GDT downward trend continues in latest auction
The latest Global Dairy Trade (GDT) auction – Event 221 – has seen the recent downward trend continue, concluding with the GDT Price Index down 1.9% on the previous sale.
Lasting for two hours and 28 minutes, the auction saw 170 participating bidders do battle across 15 rounds with 143 bidders emerging with winning offers.
A total of 41,981MT of product were sold on the day.
- AMF index down 4.4%, average price US$5,069/MT;
- Butter index down 5.9%, average price US$4,016/MT;
- BMP index up 3.6%, average price US$2,522/MT;
- Ched index down 1.2%, average price US$3,468/MT;
- LAC index up 0.6%, average price US$913/MT;
- RenCas index up 3.0%, average price US$5,552/MT;
- SMP index down 0.3%, average price US$1,982/MT;
- SWP index not available, average price not available;
- WMP index down 1.2%, average price US$2,753/MT.
Butter took a heavy knock, falling by 5.9% on the day, while Anhydrous Milk Fat (AMF) also took a hefty hit in index, reducing by 4.4%.
Buttermilk powder (BMP), however, saw a bounce of 3.6%, while Rennet Casein (RenCas) also saw a rise of 3%.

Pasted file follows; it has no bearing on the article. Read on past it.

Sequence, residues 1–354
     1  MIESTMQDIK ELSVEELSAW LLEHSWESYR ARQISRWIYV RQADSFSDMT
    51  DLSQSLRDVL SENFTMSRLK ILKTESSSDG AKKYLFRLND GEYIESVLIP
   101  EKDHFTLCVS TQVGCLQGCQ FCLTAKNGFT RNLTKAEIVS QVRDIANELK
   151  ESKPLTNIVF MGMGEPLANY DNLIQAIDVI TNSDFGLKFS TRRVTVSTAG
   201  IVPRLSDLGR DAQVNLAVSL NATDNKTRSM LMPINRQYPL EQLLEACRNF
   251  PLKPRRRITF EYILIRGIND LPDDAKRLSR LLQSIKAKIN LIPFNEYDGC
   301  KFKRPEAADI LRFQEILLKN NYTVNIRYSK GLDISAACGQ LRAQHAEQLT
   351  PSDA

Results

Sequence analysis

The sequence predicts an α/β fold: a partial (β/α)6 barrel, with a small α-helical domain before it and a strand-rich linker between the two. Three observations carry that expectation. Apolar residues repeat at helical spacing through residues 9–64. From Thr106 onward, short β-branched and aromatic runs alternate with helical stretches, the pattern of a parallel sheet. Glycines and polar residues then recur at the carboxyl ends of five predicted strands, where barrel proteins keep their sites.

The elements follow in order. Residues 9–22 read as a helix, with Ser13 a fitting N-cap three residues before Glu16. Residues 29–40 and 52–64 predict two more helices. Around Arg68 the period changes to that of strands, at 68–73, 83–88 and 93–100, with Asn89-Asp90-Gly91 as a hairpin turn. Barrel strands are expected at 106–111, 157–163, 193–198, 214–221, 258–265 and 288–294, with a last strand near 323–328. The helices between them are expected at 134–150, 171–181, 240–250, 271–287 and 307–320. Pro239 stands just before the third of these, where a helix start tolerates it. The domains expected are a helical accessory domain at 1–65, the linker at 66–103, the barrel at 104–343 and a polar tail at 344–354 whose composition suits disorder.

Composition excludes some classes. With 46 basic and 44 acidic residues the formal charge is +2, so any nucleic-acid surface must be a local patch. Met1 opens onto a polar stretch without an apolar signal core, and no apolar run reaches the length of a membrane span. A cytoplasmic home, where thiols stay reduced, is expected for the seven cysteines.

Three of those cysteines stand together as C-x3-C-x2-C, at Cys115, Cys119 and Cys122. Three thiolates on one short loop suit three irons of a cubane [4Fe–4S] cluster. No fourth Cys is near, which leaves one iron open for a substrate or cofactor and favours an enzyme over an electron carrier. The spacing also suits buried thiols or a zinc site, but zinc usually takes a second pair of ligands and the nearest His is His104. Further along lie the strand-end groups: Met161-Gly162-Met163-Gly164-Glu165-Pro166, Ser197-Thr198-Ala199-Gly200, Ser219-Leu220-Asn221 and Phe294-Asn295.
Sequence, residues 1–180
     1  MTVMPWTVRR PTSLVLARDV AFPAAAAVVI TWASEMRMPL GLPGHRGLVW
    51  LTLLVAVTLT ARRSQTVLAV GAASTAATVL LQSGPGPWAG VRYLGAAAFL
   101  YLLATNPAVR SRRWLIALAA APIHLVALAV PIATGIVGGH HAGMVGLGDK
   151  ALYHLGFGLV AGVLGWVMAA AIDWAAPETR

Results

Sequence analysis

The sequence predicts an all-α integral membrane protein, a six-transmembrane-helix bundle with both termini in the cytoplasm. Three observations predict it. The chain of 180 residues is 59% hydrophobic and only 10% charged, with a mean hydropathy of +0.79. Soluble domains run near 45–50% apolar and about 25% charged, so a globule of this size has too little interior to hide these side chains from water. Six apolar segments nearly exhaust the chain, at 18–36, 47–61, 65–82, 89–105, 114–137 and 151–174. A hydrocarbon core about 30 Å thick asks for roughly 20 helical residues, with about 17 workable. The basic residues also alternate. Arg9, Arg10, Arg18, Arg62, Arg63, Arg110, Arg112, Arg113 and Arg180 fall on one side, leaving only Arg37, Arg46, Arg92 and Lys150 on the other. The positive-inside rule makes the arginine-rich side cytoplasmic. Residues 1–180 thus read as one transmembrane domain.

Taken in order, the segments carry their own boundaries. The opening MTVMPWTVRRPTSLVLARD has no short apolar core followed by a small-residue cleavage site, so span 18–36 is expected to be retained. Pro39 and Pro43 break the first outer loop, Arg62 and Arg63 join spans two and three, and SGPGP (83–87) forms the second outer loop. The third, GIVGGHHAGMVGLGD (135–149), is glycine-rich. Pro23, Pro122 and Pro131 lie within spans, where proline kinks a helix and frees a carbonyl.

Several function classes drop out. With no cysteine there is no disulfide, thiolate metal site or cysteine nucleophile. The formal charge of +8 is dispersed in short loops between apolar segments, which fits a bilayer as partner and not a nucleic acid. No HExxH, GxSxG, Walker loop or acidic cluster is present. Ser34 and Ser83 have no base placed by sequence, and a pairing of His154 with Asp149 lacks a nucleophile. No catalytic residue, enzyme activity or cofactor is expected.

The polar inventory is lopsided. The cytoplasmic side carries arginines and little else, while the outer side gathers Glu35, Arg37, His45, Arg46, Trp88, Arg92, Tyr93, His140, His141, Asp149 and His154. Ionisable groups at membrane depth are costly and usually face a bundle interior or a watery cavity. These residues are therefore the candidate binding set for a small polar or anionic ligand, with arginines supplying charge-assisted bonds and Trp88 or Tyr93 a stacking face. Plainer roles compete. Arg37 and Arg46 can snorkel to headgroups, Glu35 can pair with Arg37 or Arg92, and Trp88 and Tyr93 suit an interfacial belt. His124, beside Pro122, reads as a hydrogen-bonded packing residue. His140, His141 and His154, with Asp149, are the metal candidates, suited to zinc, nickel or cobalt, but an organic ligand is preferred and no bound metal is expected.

The price for Sweet Whey Powder (SWP) was once again not available on the day.
‘Massive divergence’ in milk price
There is a “massive divergence” in milk prices that the present Ornua Purchase Price Index (PPI) is generating when compared to past prices paid when the index was at similar levels, according to Ger Quain.
Quain – Dairy Committee chairman of the Irish Creamery Milk Suppliers’ Association (ICMSA) – said that many farmers were highlighting the significant shortfall in the price that they were receiving at present when compared to the prices they had received in the past, when the PPI was the same.
He added that the divergence could be explained if there was a dramatically rising or declining market either then or now, but this is not the case given the relative stability in the last 18 months.
“The variation in the PPI from January 2017 to present is only 10 base points or 3c/L.
“Milk processors need to explain why their prices have lagged the PPI since May 2018 – and are still lagging it.”